NYC Chinatown Showcases Anti-Asian Racism Exhibit
An exhibit entitled “Responses: Asian American Voices Resisting the Tides of Racism” was unveiled by a New York City museum. The exhibit was curated through submissions that were received during the pandemic, during the surge of anti-Asian hate.
The Museum of Chinese in America recently unveiled a new exhibit entitled “Responses: Asian American Voices Resisting the Tides of Racism.” The exhibit marked the start of something new for the museum not only because of the recent spike in Asian hate but also because it’s one of their first exhibitions after the museum was ravaged by a fire in January 2020.
According to the Museum President Nancy Yao, there used to be a question on how they can survive, but they just kept on pivoting. Thankfully, most of the museum’s collections were saved from the fire.
About the Exhibit
To make the new exhibit come to life, the museum implemented virtual programming strategies to call for submissions.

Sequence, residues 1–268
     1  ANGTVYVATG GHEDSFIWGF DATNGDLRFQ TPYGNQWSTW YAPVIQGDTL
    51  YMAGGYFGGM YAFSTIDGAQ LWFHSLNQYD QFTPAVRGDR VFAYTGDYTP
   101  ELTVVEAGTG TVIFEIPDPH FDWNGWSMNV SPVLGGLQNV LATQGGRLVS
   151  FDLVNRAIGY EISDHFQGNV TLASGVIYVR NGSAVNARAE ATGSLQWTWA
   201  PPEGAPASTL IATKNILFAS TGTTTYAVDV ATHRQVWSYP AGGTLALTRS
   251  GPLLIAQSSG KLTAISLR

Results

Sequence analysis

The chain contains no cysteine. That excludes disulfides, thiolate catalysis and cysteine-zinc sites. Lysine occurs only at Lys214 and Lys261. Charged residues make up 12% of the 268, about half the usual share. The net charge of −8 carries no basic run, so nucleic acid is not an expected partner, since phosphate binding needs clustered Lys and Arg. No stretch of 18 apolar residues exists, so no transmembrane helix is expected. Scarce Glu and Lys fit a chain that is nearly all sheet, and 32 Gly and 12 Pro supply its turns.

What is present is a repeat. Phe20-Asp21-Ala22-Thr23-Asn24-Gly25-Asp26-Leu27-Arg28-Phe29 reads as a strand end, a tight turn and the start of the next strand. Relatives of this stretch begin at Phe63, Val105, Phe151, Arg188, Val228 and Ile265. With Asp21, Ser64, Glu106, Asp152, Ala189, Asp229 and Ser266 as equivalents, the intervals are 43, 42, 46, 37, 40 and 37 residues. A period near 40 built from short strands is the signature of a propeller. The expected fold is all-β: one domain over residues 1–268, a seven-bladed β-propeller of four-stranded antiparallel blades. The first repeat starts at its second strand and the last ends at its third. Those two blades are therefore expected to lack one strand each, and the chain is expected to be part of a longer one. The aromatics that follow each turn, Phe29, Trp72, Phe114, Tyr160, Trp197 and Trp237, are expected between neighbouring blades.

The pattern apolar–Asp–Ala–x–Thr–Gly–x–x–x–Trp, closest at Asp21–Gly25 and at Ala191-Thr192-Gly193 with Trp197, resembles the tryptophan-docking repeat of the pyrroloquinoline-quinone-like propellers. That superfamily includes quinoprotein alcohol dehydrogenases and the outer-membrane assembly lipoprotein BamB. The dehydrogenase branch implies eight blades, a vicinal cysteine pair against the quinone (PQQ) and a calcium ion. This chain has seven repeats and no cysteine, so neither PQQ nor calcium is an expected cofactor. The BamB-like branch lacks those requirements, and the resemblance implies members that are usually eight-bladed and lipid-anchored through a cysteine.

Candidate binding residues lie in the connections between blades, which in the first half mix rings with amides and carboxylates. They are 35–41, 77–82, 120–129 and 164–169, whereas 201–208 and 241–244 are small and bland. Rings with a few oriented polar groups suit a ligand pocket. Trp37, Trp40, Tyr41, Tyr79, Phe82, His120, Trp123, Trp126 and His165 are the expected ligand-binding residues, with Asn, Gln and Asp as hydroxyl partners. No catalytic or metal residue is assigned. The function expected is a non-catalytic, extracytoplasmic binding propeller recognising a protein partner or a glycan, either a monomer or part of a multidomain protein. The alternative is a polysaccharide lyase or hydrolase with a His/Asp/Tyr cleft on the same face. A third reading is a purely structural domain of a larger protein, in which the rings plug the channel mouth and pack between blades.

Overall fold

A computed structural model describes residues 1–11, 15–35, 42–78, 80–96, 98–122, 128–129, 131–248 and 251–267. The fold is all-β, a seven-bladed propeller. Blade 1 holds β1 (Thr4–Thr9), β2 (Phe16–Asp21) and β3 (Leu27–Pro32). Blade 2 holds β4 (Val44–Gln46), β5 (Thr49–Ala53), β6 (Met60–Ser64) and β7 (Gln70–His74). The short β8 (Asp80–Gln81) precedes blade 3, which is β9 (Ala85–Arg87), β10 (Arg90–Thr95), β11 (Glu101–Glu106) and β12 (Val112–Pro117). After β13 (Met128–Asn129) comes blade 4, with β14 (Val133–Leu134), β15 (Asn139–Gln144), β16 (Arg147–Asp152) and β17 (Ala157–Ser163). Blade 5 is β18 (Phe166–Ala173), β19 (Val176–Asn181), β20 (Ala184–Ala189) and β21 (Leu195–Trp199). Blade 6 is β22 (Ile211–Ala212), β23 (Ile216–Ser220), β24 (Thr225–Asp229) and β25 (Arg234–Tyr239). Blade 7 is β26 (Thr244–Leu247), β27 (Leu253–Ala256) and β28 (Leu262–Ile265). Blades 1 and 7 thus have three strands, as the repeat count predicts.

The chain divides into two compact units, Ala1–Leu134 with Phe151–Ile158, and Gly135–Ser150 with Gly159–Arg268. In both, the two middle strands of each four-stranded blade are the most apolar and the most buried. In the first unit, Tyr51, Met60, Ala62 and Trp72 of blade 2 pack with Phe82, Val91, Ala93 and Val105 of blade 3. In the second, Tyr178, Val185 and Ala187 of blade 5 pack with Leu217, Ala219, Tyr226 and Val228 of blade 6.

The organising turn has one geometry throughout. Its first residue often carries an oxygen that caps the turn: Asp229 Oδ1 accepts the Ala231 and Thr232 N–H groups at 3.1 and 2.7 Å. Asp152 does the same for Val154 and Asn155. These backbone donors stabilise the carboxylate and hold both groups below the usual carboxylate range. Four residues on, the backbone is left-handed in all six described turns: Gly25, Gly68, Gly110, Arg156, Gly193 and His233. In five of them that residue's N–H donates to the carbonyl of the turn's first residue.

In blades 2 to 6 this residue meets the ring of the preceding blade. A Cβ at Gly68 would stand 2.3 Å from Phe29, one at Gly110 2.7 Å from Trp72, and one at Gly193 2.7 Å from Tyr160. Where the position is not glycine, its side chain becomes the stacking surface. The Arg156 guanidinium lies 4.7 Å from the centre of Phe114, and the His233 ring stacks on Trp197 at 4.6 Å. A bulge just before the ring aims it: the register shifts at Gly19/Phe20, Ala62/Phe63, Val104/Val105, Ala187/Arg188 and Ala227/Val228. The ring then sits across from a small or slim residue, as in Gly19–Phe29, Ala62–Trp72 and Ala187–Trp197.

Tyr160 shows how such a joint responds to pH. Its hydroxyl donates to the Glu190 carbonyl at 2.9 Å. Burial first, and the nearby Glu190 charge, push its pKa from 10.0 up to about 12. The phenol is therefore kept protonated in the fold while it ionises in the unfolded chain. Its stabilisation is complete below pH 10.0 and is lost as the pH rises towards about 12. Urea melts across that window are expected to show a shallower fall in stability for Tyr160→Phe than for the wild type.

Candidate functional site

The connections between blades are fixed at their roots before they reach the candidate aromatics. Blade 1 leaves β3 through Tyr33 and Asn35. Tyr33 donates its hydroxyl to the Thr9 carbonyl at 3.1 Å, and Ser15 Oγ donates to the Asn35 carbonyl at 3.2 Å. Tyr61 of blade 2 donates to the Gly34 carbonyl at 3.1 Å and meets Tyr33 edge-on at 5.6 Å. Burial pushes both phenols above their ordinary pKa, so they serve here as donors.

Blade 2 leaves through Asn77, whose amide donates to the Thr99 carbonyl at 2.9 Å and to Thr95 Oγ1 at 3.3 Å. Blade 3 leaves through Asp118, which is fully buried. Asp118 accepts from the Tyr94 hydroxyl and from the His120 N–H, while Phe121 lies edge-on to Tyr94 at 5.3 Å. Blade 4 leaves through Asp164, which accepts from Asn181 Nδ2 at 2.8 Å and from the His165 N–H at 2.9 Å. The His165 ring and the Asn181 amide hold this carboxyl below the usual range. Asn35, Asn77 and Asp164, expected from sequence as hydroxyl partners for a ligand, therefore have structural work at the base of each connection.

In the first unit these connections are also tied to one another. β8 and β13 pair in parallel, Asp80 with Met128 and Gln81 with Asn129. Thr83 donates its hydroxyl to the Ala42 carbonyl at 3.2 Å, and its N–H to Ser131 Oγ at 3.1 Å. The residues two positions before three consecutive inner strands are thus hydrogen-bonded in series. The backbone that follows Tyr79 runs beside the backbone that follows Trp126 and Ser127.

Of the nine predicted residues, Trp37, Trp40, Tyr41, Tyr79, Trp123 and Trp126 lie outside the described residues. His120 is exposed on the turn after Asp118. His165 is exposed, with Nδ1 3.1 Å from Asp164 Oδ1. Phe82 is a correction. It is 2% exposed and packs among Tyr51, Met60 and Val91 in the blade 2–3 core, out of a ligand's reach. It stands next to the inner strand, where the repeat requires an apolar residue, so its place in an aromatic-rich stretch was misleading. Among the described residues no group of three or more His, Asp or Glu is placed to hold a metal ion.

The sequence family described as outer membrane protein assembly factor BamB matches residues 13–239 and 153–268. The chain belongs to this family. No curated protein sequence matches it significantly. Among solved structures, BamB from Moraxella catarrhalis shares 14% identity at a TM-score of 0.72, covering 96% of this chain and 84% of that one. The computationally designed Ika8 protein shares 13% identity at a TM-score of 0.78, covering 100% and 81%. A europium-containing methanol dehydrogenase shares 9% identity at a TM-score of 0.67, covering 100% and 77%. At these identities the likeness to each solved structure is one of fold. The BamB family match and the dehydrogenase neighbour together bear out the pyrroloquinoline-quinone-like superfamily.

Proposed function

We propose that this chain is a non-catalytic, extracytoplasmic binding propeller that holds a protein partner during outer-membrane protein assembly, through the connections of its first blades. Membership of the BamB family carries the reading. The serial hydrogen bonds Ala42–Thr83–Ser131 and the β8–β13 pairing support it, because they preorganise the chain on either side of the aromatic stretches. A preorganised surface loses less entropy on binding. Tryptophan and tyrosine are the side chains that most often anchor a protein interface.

“We felt like even though the submissions since April 2020 were really wonderful … it wouldn’t have been enough,” said curator and director of exhibits at the museum, Herb Tam. He also added that the exhibition was to “make people aware of how this is not new, the way that Asians have been made to feel foreign, or the way we have been scapegoated for a disease.”
The museum showcased a timeline of bigotry and racism that the Asian community has suffered throughout the years, including how the first Asian immigrants were treated, as well as the stereotypes related to them.
In a lot of ways, the pandemic has opened the door for anti-Asian bias, with government officials publicly using racist slurs, and blaming Chinese people for the virus.
Some of the most attention-grabbing parts of the exhibition includes the photo series of Mike Keo that showed Asian Americans sharing their identities with #IAMNOTAVIRUS.
Dr. Agnes Hsu-Tang and Oscar Tang also showcased a collection of yellow whistles that visitors can take. The two founded the Yellow Whistle Project which offered the whistle as something they could use if their security was threatened. The color is a reference to how the color has been weaponized against Asian Americans.